The 1968 Detroit Tigers

detroit-tigers_1968_ws-champions_d-mclain_b-freehan_j-northrup_m-lolich_w-horton_mayo-smith_n-cash_d-mcauliffe_m-stanley_al-kaline_earl-wilson_g-brown_p-dobson_j-hiller_n_.gif
Photo and Image credits above – -Denny McClain 1968 Tigers home jersey, photo from sports.ha.com. -Al Kaline 1968 Tigers road jersey, photo from amazon.com. -Denny McLain [1968 Sports Illustrated cover], from sicovers.com. -Mickey Lolich [photo from 1968 WS], unattributed at vintagedetroit.com. -Mayo Smith (manager) [photo fom 1968 WS], photo by Walter Iooss, Jr./Getty Images (unattributed) at pinterest.com. -Bill Freehan [photo circa 1966], unattributed at notinhalloffame.com. -Jim Northrup [photo circa 1967], unattributed at ebay.com. -Dick McAuliffe [1967 Dexter Press card], from tcdb.com. -Willie Horton [photo circa 1968], unattributed at vintagesportsimages.com. -Mickey Stanley [1968 Topps card], from amazon.com. -Norm Cash [photo circa 1968], unattributed at bestsportsphotos.com. -Al Kaline [1967 Sports Illustrated cover], from sicovers.com. -Earl Wilson [photo from 1968 WS], photo by Focus on Sports/Getty Images via gettyimages.com. -Gates Brown [photo circa 1969], unattributed at detroitcitysports.com. -Pat Dobson [photo circa 1968], unattributed at sportscollectibles.com. -John Hiller [1969 Topps card], from kronozio.com.

Detroit Tigers – 1968 World Series champions.
1968 was known as “the Year of the Pitcher”. Pitching was absolutely dominant, to the point where only one batter in the entire American League hit over .300, and the overall batting average in the AL was an all-time low .230. Meanwhile in the National League, Bob Gibson had the lowest ERA (1.12) since 1915 (which was during the dead-ball era). The pitching dominance stemmed from the enforcing of a larger strike zone (top of armpit to bottom of knee), that had begun in 1963. In both leagues, the Cy Young winner was also the MVP (Denny McLain & Bob Gibson). Major League Baseball responded to this offensive drought by introducing two measures to be implemented the following season of 1969: the pitching mound was lowered from 15 to 10 inches, and the strike zone was shrunk (to the area over home plate between the armpits and the top of the knees).

So in 1968, the year of the pitcher, it was appropriate that the Tigers won the title on the strength of two exemplary pitching performances. In the regular season, righthander Denny McLain became MLB’s last 30-game winner (and the first since Dizzy Dean in 1934), and the Tigers won the AL pennant by 12 games over the Orioles. And in October, lefthander Mickey Lolich won all three of his starts, gave up just 5 runs in 27 innings (1.67 ERA), and became the last pitcher to have 3 complete game victories in a World Series.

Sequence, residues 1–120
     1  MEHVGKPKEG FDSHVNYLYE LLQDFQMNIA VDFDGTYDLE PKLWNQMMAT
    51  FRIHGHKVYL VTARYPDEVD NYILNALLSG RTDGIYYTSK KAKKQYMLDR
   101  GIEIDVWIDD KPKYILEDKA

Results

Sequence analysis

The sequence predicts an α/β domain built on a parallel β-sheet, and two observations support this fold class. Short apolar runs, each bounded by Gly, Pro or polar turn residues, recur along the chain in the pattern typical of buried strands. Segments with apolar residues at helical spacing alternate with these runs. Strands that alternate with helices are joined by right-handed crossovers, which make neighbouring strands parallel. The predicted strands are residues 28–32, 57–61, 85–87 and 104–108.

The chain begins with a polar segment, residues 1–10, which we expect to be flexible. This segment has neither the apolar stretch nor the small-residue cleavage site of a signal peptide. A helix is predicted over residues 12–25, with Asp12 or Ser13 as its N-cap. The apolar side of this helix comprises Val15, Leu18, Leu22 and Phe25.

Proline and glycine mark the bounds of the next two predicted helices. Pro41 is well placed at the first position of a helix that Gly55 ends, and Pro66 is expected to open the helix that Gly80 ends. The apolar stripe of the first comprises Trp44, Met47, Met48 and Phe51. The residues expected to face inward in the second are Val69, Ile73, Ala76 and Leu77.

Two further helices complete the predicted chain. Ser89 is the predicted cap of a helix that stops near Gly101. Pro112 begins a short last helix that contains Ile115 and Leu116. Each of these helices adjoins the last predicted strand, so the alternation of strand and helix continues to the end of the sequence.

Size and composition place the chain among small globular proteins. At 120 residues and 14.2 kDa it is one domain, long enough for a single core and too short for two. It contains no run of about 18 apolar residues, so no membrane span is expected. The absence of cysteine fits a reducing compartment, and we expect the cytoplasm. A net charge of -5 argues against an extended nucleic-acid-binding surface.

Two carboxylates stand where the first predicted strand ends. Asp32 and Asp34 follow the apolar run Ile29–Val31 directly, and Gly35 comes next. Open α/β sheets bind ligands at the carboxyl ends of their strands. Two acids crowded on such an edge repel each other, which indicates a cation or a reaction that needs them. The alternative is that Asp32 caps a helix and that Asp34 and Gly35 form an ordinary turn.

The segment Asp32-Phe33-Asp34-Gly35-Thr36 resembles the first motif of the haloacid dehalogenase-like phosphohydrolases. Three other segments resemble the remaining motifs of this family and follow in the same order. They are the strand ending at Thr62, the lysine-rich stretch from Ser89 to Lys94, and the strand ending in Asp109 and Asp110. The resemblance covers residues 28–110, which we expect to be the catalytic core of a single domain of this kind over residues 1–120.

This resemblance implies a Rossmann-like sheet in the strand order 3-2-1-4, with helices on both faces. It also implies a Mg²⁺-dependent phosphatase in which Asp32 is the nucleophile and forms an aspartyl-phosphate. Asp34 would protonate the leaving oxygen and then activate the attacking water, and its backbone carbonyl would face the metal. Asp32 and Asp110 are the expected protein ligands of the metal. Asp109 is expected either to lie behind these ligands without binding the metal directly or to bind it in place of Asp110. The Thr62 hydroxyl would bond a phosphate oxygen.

The 1968 Detroit Tigers season was the team’s 75th season in Detroit, Michigan, and its 68th season in the American League. In the season before (1967), the Tigers had narrowly missed out on the pennant, finishing one game behind the Red Sox. Then in 1968, the Tigers started out at 9-1, and on the 10th of May, they moved into first place and never lost the lead.

In this year of the pitcher, the Tigers had the offensive clout to stand out. The Tigers had the most home runs in 1968 (185 HR), and led that category by a considerable margin of over 50 HR. Home run leaders for the Tigers were OF Willie Horton (35 HR), 1B Norm Cash (25 HR), and C Bill Freehan (25 HR). And the Tigers had the knack for comeback wins, winning 40 games from the 7th inning on. The ’68 Tigers won 30 games with their final at bat, with many of those game-winning RBIs by their clutch pinch hitter Gates Brown (who went 34 for 92, with a .685 SlPct).

The 1968 Tigers were a tight crew: the starting lineup had been mostly intact since 1965, and several of those starters had grown up in Michigan, as Tigers fans. Willie Horton was from inner city Detroit; Bill Freehan grew up in the Detroit suburb of Royal Oak; Jim Northrup was from the small town of Holly, 54 miles (87 km) NW of Detroit, and Mickey Stanley was from the city of Grand Rapids (140 mi/225 km west of Detroit).

Below: 1968 World Series: Detroit Tigers beat St. Louis Cardinals in 7 games.
Down 3 games to 1, the Tigers win the last 3 games. Mickey Lolich pitches 3 complete games, wins game 7 on two-days-rest, and is the MVP.
1968_world-series_detroit-tigers_mickey-lolich_c.gif